6 Main Types and Capabilities of Connected Worker Technology


The advent of Industry 4.0 has changed the way manufacturers work. Connected worker technology is at the forefront of this change – enabling high-performing work environments where real-time worker/worker and worker/machine communications prevail, observes Eric Whitley, director of smart manufacturing at L2L and shares the primary types and capabilities of connected worker tech.

Connected worker technology allows workers to monitor processes on the spot and collect or share up-to-date information instantly. This lets workers make quick, data-driven decisions that help improve safety and efficiency at the workplace, reducing the costs associated with unscheduled downtime, human errors and work accidents.

According to Adroit Market ResearchOpens a new window , demand in the global connected worker market is rising in tandem with the demand for improvements in workplace safety — especially in risky sectors. 

The same source reports that the expansion of the connected worker market is also linked to the widespread adoption of smartphones and broadband internet, as well as the rising number of tech-literate consumers.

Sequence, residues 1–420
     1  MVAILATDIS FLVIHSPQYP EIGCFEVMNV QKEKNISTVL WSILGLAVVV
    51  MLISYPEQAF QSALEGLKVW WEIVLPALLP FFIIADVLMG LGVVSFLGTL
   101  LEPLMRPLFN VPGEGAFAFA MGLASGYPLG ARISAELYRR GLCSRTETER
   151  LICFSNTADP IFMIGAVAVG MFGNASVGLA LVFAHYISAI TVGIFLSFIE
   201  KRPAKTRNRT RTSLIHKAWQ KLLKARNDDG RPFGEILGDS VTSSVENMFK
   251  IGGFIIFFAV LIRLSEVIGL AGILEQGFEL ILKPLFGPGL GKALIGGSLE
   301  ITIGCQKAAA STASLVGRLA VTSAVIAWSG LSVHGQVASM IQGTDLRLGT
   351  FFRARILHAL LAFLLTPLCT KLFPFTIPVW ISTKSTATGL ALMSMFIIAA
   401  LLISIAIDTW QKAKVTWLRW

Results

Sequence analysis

How Can We Apply Connected Worker Technology?

What is the exact technology that turns regular workers into connected workers? Here are the six main types of connected worker technology. 

1. Manufacturing platforms 

A manufacturing platform is a system that uses various technologies — from the internet of things (IoT), robotics, and artificial intelligence, to computer-aided design (CAD) software, manufacturing execution system (MES) and enterprise resource planning (ERP) system — to automate and optimize production processes.

The goal of a manufacturing platform is to improve efficiency and product quality while reducing waste and unplanned downtime.

Manufacturing platforms often collect and analyze data from several sources, including connected worker platforms, to provide manufacturers with insights into their operations and help them make informed decisions.